This spring English 200 will build its inquiry upon the architectural metaphor of construction. We will observe issues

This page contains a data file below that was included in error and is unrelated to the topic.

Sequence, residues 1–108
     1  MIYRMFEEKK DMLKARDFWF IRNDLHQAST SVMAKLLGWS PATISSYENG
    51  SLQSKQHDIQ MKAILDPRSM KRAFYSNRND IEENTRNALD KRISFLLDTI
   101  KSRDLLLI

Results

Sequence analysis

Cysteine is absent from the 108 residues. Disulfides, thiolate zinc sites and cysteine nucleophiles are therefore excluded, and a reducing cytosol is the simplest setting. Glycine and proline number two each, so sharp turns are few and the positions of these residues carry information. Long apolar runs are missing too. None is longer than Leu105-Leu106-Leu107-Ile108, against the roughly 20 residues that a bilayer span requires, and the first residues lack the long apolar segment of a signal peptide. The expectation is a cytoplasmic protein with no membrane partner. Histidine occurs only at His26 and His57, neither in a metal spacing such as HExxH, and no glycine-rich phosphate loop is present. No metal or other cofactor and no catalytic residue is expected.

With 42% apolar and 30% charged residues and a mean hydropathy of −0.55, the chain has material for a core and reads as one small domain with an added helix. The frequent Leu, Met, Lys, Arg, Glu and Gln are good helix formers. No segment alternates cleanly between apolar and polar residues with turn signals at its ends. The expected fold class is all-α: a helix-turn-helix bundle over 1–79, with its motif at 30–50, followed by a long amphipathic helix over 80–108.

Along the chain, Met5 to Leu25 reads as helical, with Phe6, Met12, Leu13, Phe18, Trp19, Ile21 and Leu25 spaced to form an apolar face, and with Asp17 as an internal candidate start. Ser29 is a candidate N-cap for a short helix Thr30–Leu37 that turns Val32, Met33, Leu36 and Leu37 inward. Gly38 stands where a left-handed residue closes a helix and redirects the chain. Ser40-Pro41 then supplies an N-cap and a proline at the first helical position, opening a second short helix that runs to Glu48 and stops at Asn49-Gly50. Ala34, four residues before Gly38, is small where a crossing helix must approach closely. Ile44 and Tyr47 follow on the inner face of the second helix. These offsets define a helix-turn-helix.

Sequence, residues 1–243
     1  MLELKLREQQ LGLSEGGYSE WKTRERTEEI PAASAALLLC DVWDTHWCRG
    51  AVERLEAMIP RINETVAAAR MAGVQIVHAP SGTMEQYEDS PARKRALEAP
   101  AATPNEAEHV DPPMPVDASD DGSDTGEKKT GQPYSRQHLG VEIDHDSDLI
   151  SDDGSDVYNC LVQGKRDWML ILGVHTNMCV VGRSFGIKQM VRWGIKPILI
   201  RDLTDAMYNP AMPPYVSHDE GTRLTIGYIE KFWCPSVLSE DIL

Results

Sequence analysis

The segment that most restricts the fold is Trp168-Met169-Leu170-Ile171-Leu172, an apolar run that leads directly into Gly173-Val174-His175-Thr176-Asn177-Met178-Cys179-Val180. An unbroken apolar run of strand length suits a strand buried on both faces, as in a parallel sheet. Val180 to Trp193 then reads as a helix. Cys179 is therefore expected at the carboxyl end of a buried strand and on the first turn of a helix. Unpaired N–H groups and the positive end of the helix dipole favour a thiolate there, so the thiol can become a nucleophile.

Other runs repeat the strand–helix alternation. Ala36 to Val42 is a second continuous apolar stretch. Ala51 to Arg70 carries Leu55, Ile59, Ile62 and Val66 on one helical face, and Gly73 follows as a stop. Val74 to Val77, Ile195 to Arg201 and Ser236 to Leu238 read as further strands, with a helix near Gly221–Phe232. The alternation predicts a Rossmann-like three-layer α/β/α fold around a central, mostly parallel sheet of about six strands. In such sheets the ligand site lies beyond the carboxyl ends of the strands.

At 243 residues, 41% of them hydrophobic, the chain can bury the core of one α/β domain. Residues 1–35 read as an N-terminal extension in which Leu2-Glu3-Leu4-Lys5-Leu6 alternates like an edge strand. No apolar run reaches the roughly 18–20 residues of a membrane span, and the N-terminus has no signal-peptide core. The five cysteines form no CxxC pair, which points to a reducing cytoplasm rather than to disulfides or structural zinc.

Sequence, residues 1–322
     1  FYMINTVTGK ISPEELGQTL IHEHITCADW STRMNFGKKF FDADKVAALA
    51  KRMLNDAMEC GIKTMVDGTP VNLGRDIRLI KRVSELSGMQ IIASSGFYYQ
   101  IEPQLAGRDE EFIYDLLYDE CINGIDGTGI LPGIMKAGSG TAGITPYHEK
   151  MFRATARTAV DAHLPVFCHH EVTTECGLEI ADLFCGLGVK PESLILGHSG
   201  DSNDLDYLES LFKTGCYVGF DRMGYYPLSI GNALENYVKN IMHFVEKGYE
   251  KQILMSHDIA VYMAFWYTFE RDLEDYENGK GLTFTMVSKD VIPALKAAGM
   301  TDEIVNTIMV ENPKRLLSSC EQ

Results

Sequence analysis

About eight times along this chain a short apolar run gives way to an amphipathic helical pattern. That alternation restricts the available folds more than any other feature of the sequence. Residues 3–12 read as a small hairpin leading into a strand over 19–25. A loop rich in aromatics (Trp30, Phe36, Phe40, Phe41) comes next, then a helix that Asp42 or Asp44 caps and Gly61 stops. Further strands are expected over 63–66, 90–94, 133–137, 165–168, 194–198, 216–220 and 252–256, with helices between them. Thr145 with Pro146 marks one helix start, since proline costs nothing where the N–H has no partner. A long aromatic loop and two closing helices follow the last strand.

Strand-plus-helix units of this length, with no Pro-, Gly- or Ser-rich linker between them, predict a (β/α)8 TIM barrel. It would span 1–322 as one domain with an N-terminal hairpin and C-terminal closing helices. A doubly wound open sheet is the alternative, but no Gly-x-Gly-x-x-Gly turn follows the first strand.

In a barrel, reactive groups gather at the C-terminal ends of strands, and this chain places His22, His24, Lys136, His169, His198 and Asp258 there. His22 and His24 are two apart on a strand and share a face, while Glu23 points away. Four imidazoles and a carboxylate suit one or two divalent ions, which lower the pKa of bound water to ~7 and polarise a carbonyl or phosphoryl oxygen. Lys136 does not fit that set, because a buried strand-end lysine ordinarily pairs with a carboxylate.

of design: how has the American literary canon been constructed and reconstructed? what ideologies have framed interpretations of American literature at various point in time and space? what critical beams hold up the house of literary study? how does theory buttress our experience of texts? And we will also observe issues of production: how have texts been constructed from the working parts of invention and convention? how have the reputations of writers been built and rebuilt? how do marketplace forces shape texts and audiences? what constructions of the self have been molded from varying constructions of language? After a brief survey of 17th and 18th century writers and notions about the place of literature in an emerging culture, we will read an array of autiobiography, essays, novels, short fiction, and poetry: a collection of colonial narratives, Franklin's Autobiography, Jacob's Incidents in the Life of a Slave Girl, Thoreau's Walden, portions of Whitman's Leaves of Grass, a selection of Hawthorne's tales, Melville's Moby-Dick, Stowe's Uncle Tom's Cabin, Twain's Puddn'head Wilson, stories by women regionalists, Dreiser's Sister Carrie, and DuBois's The Souls of Black Fold...Requirements will include four papers (two short and two more complex), informal oral presentations, and a willingness to "Unscrew the locks from the doors!/Unscrew the doors themselves from the jambs." Auxiliary readings (some recommended, some required) will cover such figures as Bradstreet, Taylor, Wheatley, Freneau, Jefferson, Emerson, Dickinson, Adams, Howells, Garland.